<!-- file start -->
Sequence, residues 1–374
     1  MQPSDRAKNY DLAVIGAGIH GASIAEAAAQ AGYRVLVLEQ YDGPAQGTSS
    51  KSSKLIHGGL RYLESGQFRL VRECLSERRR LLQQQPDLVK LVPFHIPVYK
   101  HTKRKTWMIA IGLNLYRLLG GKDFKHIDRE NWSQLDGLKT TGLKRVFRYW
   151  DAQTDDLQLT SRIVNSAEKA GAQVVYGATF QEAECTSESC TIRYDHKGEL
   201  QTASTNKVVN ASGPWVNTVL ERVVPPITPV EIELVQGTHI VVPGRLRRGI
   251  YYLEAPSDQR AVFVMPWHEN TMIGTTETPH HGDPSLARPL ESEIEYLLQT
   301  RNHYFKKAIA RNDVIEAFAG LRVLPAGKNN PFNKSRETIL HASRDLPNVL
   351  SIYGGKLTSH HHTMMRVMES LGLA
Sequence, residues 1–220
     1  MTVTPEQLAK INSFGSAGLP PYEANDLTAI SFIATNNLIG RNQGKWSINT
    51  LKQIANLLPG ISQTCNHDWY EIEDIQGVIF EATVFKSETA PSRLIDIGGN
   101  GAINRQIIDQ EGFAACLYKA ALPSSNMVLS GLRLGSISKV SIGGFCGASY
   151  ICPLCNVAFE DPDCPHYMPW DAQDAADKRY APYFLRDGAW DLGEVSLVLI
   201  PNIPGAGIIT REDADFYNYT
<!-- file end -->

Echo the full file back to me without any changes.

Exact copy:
Sequence, residues 1–374
     1  MQPSDRAKNY DLAVIGAGIH GASIAEAAAQ AGYRVLVLEQ YDGPAQGTSS
    51  KSSKLIHGGL RYLESGQFRL VRECLSERRR LLQQQPDLVK LVPFHIPVYK
   101  HTKRKTWMIA IGLNLYRLLG GKDFKHIDRE NWSQLDGLKT TGLKRVFRYW
   151  DAQTDDLQLT SRIVNSAEKA GAQVVYGATF QEAECTSESC TIRYDHKGEL
   201  QTASTNKVVN ASGPWVNTVL ERVVPPITPV EIELVQGTHI VVPGRLRRGI
   251  YYLEAPSDQR AVFVMPWHEN TMIGTTETPH HGDPSLARPL ESEIEYLLQT
   301  RNHYFKKAIA RNDVIEAFAG LRVLPAGKNN PFNKSRETIL HASRDLPNVL
   351  SIYGGKLTSH HHTMMRVMES LGLA
Sequence, residues 1–220
     1  MTVTPEQLAK INSFGSAGLP PYEANDLTAI SFIATNNLIG RNQGKWSINT
    51  LKQIANLLPG ISQTCNHDWY EIEDIQGVIF EATVFKSETA PSRLIDIGGN
   101  GAINRQIIDQ EGFAACLYKA ALPSSNMVLS GLRLGSISKV SIGGFCGASY
   151  ICPLCNVAFE DPDCPHYMPW DAQDAADKRY APYFLRDGAW DLGEVSLVLI
   201  PNIPGAGIIT REDADFYNYT